In its vivid psychological depiction of a corrupt world, Salome is, at the same time, both child of and witness to the dawning of the 20th century – a reflection of a moribund late-bourgeois era, captivated by its own putrefaction. The opera hit the nerve of the times. Strauss poured the Salome catastrophe into a one-act opera lasting a mere 100 minutes. However, these are 100 highly condensed minutes, which demand the listener’s full and uninterrupted attention; first torturing him emotionally and then trickling the venom of sweet, seductive music into his ears and mind; laying his nerves bare, then making him tremble in aroused expectation.
This PENTATONE album, featuring the young, up-and-coming conductor Andrés Orozco-Estrada leading the hr Symphony Orchestra (= formerly Frankfurt Radio Symphony Orchestra) is a live recording of a concert given on September 10, 2016 in Frankfurt. The critics were enthusiastic: “The title role was wonderfully relaxed, all the essential components were in general harmonious, and Andrés Orozco-Estrada emphasized the power of the orchestra.” Indeed, Orozco-Estrada surrounded his Salome with outstanding soloists of the German opera repertoire: Wolfgang Koch (Jochanaan), Peter Bronder (Herod), and Michaela Schuster (Herodias). The American soprano Emily Magee made her début as Salome in Berlin in 2011. Since then, she has developed into a true Strauss specialist – and not only in this role. The Frankfurter Rundschau praised her “readily appealing, powerful and untiring soprano voice, which never gets drowned, not even in the orchestral tutti. Her face was a fascinating reflection of the slyness, the caprices, the bitchiness of a pampered princess.”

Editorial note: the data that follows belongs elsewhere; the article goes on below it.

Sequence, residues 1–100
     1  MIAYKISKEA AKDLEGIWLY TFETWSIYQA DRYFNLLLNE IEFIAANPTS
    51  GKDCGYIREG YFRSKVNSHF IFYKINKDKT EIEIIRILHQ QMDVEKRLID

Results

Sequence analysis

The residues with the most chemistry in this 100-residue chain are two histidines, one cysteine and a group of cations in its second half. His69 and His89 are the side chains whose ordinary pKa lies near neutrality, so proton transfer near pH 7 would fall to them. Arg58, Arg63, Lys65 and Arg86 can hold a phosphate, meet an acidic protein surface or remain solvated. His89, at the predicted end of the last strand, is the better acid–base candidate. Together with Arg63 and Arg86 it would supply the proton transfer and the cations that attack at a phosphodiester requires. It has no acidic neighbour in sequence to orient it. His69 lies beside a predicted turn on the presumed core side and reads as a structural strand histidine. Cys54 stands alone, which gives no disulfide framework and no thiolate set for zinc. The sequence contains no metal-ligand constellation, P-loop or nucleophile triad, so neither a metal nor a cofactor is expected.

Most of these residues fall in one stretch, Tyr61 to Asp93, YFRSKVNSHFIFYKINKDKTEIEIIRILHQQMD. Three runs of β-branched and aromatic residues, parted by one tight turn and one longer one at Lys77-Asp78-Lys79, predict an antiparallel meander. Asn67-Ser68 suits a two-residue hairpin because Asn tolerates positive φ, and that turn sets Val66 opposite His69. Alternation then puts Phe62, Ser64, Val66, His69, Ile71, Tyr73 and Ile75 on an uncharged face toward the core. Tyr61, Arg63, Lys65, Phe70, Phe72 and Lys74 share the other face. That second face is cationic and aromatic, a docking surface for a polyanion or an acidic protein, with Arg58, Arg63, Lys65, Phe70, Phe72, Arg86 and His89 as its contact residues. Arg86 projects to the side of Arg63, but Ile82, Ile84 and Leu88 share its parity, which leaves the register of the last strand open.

Emily Magee: Salome, daughter of Herodias
Peter Bronder: Herodes, Terach of Judaea
Michaela Schuster: Herodias, wife of Herodes
Wolfgang Koch: ochanaan, the Prophet
Benjamin Bruns: Narraboth, the young Syrian, Captain of the Guard
This album will be released as 2 Super Audio -CDs and in digital formats for streaming and high resolution downloads. (Article number: PTC 5186602)
The incomparable, soul-searching playing of the veteran Russian pianist Nelly Akopian-Tamarina is captured in a rare studio recording for PENTATONE with a luminous performance of Brahms’ towering Variations and Fugue on a Theme of Handel, Op. 24 and the introspective Four Ballades, Op. 10.
In a distinguished tradition of playing stretching back to the great Russian school of Scriabin, Rachmaninov and Medtner through her teacher, the legendary Alexander Goldenweiser, Nelly Akopian-Tamarina is an exemplar of an exquisitely crafted and poetical style of playing which is subtle, probing, deeply lyrical and utterly spellbinding.